“It sounded like fun”
Sven Jandura, a student at LMU Munich, won the top prize in his category at this year’s Schwartz International Physics Competition in Oradea in Romania. In addition to his laurels, he brought a host of new impressions back to Munich with him.
At first, Sven Jandura couldn’t quite register what had just been said. A moment before, in the auditorium of the Ady Endre Gymnasium in Oradea, he was waiting expectantly with 80 other contestants for the announcement of the winners of the Schwartz International Physics Competition. Then Dr. Istvan Bartos, the organizer of the competition, stepped forward to reveal the name of the winner in the Students Category – and Sven heard his own name ring out through the hall. His solutions to the ten problems posed in the test had been judged to be the most compelling set returned. As Istvan Bartos congratulates him, Sven receives the applause of the audience – among which the ovation from his team-mates, who made 1000-km trip from Munich with him, is especially frenetic.
Sven was one of four entrants from Munich assembled by the two local organizers, Dr. Silke Stähler-Schöpf and Dr. Zsuzsanna Major. Three years earlier, when he was still at school, Sven had visited PhotonLab, the lab for high-school students, which is affiliated with the Laboratory for Attosecond Physics (LAP) at the Max Planck Institute for Quantum Optics in Garching. Here he came into contact with laser technology for the first time, and got to know Dr. Stähler-Schöpf, who heads the PhotonLab. Dr. Major is a laser physicist in the LAP, and its Director, Prof. Ferenc Krausz, is an enthusiastic supporter of the competition in Oradea.
After graduating from high school in Dresden, Sven moved to Munich to take up his university studies. “Munich has so much to offer in the field of physics – two universities and several Max Planck Institutes. “That was what motivated me to study here,” he says, before adding as an afterthought, “and the beer here isn’t bad either.” He still finds lasers “cool”, but his primary interest at the moment is quantum computing.
Sven learned about the competition in Romania from a friend of his. “Ann-Kathrin Raab asked me whether I would be interested in taking part in it,” he says. “It sounded like fun, and I had never been to Romania. I have twice been a contestant in the International Physics Olympiad, so I wanted to try something a little more exotic this time.”
In the company of Ann-Katrin Raab, Jonas Hamp and Serafin Körner, and with Silke Stähler-Schöpf and Zsuzsanna Major as chaperones, the team set out on the 11-h bus trip to Oradea. The city in western Romania is located close to the border with Hungary, and the architecture in the city center bears witness to the influence of the Hungarians, who still make up a sizeable minority of Oradea’s inhabitants. The annual Schwartz Memorial Physics Competition was initiated (and is still organized) by former physics teacher Istvan Bartos, and has traditionally attracted teams from Eastern Europe. The Ady Endre High School serves as the venue for the competition, as well as accommodating the young contestants. This year was the first time that a team from Germany was among them.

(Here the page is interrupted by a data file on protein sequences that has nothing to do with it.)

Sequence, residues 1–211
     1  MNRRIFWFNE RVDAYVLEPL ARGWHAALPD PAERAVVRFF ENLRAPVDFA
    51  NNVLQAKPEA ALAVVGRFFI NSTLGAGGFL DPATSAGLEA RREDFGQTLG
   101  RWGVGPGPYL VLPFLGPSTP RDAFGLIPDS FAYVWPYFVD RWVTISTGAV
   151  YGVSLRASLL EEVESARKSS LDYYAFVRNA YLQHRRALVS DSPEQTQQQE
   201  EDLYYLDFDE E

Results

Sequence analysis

Sven came well prepared. The exercises set in previous years had been provided to all participants, together with their worked-out solutions. So he went into this year’s test in a quietly confident frame of mind. The problems were drawn from the fields of optics, mechanics, electricity, thermodynamics and chemistry. The competitors had 3 hours to solve the 10 conundrums, which meant they couldn’t afford to dawdle.
The Awards Ceremony took place that evening, following a series of lectures given by invited speakers. The winners in each category were announced, with Sven taking the honors – and the prize money of 100 Romanian lei (about 25 euros) – in the Students’ Category. “After it was all over, I went for a good dinner in town with the other competitors,” he says.
Sven’s victory was not the only memorable aspect of the trip. The following day was devoted to relaxation and sightseeing, and the PhotonLab team was able to visit the imposing Bears’ Cave, located 85 km east of Oradea. The cave system features imposing calcareous formations formed over the course of thousands of years by the precipitation of calcium from the waters that constantly percolate through the porous terrain. A guided tour of the old center of Oradea rounded out a stimulating and intriguing day. On the way back to Munich, Ann-Kathrin and Sven decided on a stopover in Budapest, and spent a day exploring the Hungarian capital. All in all, the trip will have left them with a trove of memories.